By Hillel Aron
By Joseph Tsidulko
By Patrick Range McDonald
By David Futch
By Hillel Aron
By Dennis Romero
By Jill Stewart
By Dennis Romero
FBI agent Robert Wright has a compelling story to tell: his account of how the FBI allegedly shut down a criminal investigation into the operation of terror-training camps in Chicago and Kansas City, years before the 911 attacks. But so far, he can‘t tell the public what he says happened -- because the bureau has threatened to discipline or fire him if he does.
Instead, Wright went to the Inspector General’s Office of the Justice Department, which probes agency wrongdoing and mistakes. When Wright submitted a formal complaint, amazingly, he was turned away.
”Mr. Wright raises serious charges concerning the FBI‘s handling of a criminal matter relating to suspected terrorists,“ wrote Howard Sribnick, general counsel for the inspector general, in a May 5 letter to Wright’s attorneys. But instead of opening an investigation, Sribnick asked for permission to refer the matter to Congress.
David Schippers, Wright‘s attorney, said he finally told the I.G.’s Office to do what it wanted, but ”I also said I expected them to investigate it, too.“ Schippers said he was stunned by the response. He also alleges that a staffer told him that the I.G. ”did not have the resources to conduct an investigation of this anticipated size and scope.“ This position would be a distinct departure from past practice in other cases. The inspector general, for example, conducted a full-blown investigation into the FBI‘s alleged mishandling of evidence in the probe of Timothy McVeigh, the convicted Oklahoma City bomber.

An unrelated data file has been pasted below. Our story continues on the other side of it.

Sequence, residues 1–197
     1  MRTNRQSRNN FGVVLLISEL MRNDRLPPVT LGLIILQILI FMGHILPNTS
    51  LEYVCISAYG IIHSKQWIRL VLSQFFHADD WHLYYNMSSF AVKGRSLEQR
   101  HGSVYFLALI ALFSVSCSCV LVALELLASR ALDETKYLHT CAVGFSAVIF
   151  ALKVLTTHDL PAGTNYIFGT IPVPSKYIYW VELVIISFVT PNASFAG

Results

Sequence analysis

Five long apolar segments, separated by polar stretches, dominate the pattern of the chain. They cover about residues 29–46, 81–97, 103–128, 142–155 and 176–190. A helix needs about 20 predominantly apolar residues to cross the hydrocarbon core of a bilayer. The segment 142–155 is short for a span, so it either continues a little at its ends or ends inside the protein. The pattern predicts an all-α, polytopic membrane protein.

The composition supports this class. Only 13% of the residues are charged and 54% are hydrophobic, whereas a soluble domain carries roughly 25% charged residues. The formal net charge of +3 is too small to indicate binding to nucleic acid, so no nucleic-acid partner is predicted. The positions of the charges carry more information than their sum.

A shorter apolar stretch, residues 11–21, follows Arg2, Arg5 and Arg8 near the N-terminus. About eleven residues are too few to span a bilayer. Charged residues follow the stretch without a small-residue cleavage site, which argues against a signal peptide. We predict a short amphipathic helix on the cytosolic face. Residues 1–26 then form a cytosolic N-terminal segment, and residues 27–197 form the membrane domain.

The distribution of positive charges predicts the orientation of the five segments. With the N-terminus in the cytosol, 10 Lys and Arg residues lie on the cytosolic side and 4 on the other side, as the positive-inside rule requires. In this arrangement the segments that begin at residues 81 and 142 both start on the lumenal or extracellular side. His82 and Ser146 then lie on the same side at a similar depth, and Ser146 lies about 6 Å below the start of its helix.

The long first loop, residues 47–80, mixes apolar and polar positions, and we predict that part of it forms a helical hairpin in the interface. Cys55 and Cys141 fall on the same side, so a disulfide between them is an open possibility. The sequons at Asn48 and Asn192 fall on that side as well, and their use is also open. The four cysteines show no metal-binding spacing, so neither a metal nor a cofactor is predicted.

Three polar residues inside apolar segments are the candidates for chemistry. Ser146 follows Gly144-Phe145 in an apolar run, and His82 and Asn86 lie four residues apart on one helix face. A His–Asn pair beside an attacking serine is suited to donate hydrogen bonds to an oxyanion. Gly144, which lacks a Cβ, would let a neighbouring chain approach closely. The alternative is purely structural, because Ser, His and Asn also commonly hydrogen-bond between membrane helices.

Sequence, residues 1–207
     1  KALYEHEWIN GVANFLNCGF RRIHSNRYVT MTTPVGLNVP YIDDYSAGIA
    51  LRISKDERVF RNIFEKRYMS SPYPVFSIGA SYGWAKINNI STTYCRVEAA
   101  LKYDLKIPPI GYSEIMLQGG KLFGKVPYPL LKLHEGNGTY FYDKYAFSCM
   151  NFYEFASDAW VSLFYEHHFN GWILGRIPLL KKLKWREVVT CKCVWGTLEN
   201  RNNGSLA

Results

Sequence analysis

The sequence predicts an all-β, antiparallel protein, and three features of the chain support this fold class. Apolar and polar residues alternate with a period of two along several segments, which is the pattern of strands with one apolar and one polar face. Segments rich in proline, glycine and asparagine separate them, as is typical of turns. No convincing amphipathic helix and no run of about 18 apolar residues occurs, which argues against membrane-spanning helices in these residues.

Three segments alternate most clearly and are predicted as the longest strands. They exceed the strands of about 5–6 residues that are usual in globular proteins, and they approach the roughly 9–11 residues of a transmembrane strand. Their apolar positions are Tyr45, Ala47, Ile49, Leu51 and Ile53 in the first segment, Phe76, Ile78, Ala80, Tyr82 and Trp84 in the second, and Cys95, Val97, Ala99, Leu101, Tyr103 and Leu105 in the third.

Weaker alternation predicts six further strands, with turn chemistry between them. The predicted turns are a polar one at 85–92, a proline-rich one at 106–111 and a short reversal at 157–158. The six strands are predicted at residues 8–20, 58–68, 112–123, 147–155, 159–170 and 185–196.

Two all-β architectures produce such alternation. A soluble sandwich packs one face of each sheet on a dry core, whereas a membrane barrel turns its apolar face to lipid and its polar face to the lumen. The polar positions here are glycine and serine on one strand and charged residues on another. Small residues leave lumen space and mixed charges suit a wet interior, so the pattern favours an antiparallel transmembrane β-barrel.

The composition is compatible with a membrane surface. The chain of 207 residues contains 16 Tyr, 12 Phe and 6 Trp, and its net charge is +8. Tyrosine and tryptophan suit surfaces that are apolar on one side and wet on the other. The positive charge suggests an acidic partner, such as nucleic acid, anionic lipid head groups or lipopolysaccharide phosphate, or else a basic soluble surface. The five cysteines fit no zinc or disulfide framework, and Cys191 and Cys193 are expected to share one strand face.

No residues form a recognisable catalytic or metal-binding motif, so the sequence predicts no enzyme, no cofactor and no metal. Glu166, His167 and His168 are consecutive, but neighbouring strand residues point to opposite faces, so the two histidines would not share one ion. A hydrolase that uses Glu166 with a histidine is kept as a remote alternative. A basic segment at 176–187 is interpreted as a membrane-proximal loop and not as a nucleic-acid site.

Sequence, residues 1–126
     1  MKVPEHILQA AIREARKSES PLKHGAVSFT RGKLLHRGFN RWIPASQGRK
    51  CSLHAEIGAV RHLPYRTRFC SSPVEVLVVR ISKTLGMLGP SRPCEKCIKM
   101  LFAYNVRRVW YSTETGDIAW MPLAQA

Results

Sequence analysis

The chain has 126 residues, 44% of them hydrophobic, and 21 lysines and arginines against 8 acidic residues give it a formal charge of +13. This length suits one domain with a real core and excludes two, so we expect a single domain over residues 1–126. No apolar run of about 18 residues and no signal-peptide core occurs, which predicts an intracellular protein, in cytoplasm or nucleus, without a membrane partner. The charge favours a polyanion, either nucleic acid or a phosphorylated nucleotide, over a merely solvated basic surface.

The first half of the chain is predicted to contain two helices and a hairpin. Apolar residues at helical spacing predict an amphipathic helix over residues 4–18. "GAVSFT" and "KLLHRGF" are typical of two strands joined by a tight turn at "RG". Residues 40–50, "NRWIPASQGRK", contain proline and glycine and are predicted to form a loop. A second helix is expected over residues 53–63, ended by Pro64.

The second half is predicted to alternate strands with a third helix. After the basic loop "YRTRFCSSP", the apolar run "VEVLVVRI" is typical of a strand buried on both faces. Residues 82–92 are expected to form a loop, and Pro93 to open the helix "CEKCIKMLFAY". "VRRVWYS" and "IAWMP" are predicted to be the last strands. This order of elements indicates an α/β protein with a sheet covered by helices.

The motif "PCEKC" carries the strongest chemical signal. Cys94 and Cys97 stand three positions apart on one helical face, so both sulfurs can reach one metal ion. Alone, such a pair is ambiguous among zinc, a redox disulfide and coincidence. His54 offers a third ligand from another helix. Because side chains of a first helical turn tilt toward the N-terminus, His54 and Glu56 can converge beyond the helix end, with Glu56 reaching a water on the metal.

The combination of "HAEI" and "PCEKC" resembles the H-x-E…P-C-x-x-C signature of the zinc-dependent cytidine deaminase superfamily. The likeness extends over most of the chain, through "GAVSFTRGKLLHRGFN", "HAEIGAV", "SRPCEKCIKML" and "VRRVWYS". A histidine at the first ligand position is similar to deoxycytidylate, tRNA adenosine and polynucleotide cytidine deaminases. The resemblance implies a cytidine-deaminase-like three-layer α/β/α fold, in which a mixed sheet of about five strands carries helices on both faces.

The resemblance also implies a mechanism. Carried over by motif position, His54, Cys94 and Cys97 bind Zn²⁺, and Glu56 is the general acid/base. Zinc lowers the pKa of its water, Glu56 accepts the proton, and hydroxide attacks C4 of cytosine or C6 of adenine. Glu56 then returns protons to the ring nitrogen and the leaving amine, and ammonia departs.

The Inspector General’s Office would not comment on the incident. ”But I can say that we have conducted a number of very large investigations,“ said spokesman Paul Martin. ”And sometimes our resources have been stretched by those demands. However, I don‘t know anything about this alleged conversation one of our employees supposedly had with Mr. Schippers. It sounds surprising. But I would still have no comment.“
Schippers scoffed at Martin’s comments. ”The truth is, they don‘t want to investigate FBI dereliction of duty,“ said Schippers, a Chicago attorney best known for being lead counsel in the impeachment hearing of President Bill Clinton. ”They just want to pass the buck . . . I am sick of the I.G.’s excuses. Look at Sribnick‘s letter. They didn’t say, ‘We need to postpone looking into Robert’s allegations because our resources are tied up.‘ They said, ’We want to give it to Congress.‘“
Last week, the Weekly published its own account of Wright’s subject matter (”Another FBI Agent Blows the Whistle,“ August 2--8, 2002). The Weekly version was researched through public records and interviews with sources other than Wright. In addition to faulting the FBI investigation of terrorist-training camps, Wright has complained about the FBI removing him from another investigation, one that examines international fund-raising and money laundering on behalf of Hamas, an armed group based in the West Bank.
Investigators for the congressional committee investigating 911 intelligence failures have finally interviewed Wright. What this FBI agent told them, however, remains confidential.